Why is there a stigma surrounding the topic of Mental Health?
In recent weeks, the focus on mental health has reappeared in the forefront of daily conversations. During these conversations around the dinner table, in the workplace, or hanging out with friends, everyone will empathize and agree that there should be more resources for those who struggle with mental health. However, the conversation tends to stop there. Why? Maybe it is because we typically see ourselves as "normal" and at times say “I can figure this out”,” I am just having a down moment”, “My family & friends will think I am crazy and will judge me” or “ I’m weak if I admit I need mental help”. These beliefs will lead to individuals rarely seeking help and continuing to suffer.
Mental health concerns are as common as physical health concerns. However, society has painted a picture that those who struggle with mental illness are different and that it is not a common part of our everyday interactions. Most believe that mental health symptoms only affect a small segment of society, however in reality more individuals struggle with mental health than we often care to admit.
One of the contributing factors to the stigma around mental health is the stereotypical way we imagine mental illness and how it appears or presents itself in society. Mental health does refer to symptoms that are unusual but also refers to how we manage our emotions, thoughts, and behaviors. It also includes how we interact with others, how we manage stress, and our decision-making for a healthier life.. Our mental health can be affected by past events or current life events which can become overwhelming for us to deal with . If you find it difficult to manage how you think or feel about daily stressors and interactions, it may be a good time to speak with someone.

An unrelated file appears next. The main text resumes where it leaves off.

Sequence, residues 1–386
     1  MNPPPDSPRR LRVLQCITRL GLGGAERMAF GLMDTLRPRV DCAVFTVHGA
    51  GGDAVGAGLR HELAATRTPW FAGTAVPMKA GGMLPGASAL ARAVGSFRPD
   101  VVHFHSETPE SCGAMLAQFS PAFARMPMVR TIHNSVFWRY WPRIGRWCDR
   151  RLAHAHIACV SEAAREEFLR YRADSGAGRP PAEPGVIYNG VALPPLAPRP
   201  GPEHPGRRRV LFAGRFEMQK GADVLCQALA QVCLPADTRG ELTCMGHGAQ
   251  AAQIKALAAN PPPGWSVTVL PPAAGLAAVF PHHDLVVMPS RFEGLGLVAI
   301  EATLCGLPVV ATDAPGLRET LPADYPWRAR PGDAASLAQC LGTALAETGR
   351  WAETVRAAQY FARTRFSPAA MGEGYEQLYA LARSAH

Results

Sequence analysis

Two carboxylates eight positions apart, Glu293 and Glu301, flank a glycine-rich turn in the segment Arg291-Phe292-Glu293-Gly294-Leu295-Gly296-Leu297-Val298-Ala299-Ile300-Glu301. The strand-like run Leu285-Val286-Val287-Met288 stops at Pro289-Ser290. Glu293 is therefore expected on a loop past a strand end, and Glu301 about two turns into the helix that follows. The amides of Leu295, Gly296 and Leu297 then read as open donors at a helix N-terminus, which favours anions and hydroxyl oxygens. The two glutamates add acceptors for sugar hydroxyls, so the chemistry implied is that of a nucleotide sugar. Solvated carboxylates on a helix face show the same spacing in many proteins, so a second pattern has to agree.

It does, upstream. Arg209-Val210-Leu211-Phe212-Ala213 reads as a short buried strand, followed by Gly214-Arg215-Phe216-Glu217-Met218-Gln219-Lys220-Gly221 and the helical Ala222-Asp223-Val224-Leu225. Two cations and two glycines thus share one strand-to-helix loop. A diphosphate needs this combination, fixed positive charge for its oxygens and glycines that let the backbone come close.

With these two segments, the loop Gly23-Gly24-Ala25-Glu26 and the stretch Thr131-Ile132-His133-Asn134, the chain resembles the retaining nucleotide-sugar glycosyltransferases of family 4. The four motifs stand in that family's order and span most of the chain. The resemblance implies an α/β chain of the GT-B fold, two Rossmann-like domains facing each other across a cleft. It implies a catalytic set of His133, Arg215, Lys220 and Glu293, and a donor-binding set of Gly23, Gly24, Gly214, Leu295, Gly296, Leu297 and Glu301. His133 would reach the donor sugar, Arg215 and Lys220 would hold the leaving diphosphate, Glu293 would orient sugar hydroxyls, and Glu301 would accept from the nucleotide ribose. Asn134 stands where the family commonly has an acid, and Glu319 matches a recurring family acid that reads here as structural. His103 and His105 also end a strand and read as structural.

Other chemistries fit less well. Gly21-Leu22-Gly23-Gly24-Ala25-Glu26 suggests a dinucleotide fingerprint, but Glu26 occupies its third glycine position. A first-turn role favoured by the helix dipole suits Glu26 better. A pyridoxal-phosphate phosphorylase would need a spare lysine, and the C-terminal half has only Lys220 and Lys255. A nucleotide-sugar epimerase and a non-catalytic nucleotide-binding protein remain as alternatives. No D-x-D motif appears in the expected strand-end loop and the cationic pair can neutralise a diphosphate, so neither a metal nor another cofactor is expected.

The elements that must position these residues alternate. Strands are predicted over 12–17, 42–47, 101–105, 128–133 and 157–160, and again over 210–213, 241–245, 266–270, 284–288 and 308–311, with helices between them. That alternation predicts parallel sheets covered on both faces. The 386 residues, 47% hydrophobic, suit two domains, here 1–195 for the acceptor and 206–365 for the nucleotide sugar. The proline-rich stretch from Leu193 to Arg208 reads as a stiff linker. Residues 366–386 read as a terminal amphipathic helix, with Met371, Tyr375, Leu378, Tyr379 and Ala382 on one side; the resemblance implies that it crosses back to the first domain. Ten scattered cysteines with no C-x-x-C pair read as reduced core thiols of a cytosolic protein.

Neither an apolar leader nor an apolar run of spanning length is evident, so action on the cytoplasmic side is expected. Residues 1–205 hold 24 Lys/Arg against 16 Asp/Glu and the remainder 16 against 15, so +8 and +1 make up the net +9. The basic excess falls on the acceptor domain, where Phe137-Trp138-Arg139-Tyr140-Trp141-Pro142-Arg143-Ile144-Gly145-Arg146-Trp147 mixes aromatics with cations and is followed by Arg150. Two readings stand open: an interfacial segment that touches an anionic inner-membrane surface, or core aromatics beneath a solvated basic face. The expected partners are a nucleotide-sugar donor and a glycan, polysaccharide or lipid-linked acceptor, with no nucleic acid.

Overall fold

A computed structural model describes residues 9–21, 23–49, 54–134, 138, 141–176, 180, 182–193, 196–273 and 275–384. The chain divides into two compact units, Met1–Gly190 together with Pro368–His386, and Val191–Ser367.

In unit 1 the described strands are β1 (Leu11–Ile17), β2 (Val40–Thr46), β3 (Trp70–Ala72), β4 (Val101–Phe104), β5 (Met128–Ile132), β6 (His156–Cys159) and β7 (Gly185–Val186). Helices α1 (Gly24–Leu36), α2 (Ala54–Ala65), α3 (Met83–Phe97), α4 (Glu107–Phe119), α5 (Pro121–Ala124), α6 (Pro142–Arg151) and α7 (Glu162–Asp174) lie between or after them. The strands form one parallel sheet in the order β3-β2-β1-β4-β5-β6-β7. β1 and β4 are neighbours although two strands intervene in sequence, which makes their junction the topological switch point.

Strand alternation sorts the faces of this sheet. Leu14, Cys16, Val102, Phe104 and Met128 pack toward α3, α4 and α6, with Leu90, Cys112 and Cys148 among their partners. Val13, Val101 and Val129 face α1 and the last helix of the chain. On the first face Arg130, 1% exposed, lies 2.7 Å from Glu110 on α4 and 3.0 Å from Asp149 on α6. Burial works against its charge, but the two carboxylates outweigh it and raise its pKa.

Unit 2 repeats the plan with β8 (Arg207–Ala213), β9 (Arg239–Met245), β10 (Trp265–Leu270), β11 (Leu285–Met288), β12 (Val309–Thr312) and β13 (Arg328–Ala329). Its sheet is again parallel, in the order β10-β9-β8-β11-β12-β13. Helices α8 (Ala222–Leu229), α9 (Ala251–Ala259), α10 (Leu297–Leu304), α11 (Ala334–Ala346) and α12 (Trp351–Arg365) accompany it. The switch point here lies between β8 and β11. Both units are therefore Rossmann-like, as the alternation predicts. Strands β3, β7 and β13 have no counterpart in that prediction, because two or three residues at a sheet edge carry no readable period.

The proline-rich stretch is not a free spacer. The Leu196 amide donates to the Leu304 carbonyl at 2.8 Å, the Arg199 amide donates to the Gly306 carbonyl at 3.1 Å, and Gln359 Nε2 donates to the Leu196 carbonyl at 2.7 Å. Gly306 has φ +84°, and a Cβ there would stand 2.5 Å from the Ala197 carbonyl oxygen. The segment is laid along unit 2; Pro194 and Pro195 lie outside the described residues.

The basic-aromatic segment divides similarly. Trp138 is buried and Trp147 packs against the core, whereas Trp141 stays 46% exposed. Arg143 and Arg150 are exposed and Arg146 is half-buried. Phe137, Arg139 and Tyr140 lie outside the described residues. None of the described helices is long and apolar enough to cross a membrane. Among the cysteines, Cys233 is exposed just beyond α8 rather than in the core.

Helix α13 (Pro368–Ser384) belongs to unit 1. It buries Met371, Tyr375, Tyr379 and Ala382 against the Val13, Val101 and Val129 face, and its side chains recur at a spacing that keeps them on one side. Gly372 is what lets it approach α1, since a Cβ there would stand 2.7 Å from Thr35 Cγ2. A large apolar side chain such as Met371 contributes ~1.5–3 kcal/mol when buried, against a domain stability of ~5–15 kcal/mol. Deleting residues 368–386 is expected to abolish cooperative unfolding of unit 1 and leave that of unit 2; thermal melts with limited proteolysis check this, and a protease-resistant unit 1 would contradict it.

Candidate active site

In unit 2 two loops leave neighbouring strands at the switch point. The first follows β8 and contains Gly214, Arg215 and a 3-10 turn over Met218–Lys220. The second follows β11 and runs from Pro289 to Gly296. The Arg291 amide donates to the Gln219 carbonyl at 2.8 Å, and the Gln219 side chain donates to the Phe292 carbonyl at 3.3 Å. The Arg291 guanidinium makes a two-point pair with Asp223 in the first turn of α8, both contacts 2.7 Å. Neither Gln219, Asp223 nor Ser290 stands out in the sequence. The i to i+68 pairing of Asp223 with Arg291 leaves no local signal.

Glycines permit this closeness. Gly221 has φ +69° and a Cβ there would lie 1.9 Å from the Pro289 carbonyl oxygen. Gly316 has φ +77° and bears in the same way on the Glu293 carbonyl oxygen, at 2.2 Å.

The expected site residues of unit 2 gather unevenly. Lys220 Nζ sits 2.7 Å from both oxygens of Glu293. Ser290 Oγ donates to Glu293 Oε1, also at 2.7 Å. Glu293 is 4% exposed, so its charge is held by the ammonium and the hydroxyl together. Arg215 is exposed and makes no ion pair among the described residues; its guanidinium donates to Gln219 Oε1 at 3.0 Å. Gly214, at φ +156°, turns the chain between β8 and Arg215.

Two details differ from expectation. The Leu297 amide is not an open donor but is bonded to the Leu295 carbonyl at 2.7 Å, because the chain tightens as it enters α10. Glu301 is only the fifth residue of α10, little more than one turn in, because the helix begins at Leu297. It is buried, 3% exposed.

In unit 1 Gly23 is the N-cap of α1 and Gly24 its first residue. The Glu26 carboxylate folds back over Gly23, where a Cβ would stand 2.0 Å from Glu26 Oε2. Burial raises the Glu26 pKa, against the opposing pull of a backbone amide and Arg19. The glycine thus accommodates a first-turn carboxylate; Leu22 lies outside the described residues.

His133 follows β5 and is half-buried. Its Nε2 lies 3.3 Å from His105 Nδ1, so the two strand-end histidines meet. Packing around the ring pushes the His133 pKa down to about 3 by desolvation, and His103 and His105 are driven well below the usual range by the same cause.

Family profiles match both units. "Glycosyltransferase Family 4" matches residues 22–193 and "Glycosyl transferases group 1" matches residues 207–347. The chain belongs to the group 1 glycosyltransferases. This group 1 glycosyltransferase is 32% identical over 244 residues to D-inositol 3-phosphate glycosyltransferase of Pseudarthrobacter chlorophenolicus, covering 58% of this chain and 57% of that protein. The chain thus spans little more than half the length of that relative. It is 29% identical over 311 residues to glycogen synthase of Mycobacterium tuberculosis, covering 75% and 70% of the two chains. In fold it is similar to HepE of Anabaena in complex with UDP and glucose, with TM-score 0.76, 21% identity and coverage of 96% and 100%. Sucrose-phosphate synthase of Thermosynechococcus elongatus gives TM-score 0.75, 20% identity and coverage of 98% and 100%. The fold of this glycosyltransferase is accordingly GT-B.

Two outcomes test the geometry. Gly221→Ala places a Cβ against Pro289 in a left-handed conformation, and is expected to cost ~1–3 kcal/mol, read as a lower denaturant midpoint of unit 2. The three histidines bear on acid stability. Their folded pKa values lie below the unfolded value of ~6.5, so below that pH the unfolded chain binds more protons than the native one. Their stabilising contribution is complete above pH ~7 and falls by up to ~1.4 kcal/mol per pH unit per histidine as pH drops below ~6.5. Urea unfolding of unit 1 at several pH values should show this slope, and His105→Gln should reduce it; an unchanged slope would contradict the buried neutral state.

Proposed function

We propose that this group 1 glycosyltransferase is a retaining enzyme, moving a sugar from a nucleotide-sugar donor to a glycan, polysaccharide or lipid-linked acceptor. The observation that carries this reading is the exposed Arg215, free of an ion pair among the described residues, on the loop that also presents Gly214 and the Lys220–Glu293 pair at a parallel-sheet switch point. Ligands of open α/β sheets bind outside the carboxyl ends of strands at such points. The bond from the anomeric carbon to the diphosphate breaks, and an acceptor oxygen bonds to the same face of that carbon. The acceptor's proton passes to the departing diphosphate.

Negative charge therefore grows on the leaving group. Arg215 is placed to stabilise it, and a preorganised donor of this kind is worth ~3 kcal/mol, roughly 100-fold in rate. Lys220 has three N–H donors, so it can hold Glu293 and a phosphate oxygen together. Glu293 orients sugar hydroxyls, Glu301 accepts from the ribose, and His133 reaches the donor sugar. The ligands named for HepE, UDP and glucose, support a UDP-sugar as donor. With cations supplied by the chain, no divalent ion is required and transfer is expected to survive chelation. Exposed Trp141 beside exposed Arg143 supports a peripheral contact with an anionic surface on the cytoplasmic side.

Setting aside how we feel and think about certain situations is not an effective coping strategy over time. Eventually those emotions and thoughts will erupt and it could be at an inopportune moment in your life. However, the longer we deny our feelings and thoughts, the more damage can occur, not only to our mental health, but our physical health as well. When we have physical pain, the longer we ignore it, typically the more damage is done to our body.
The following are examples of mental health symptoms that may present in our daily lives, and could compromise our mental health if we do not seek care. Disruption in our sleeping and eating routines, dramatic mood changes, withdrawing from previous activities once enjoyed, ruminating thoughts, nervousness, decline in cognitive functioning, or unable to manage increased stress, to name a few.
Your mind and body are connected, both physically, emotionally, and spiritually. We receive information about the quality of our lives in each modality. If we are ignoring any part of the system, other parts of it will respond. When one area of our life is challenged, it will affect the others. We encourage you to seek help. Find someone outside of your familiar relationships to talk to, someone with true care and concern and wisdom. Allow them to hear your heart and reflect goodness back to you. If what you receive is not all good, take the good, and toss the other aside. Consider yourself a garden where good seeds are cultivated and weeds are plucked up and thrown out. You do have a life worth living, live it mindfully.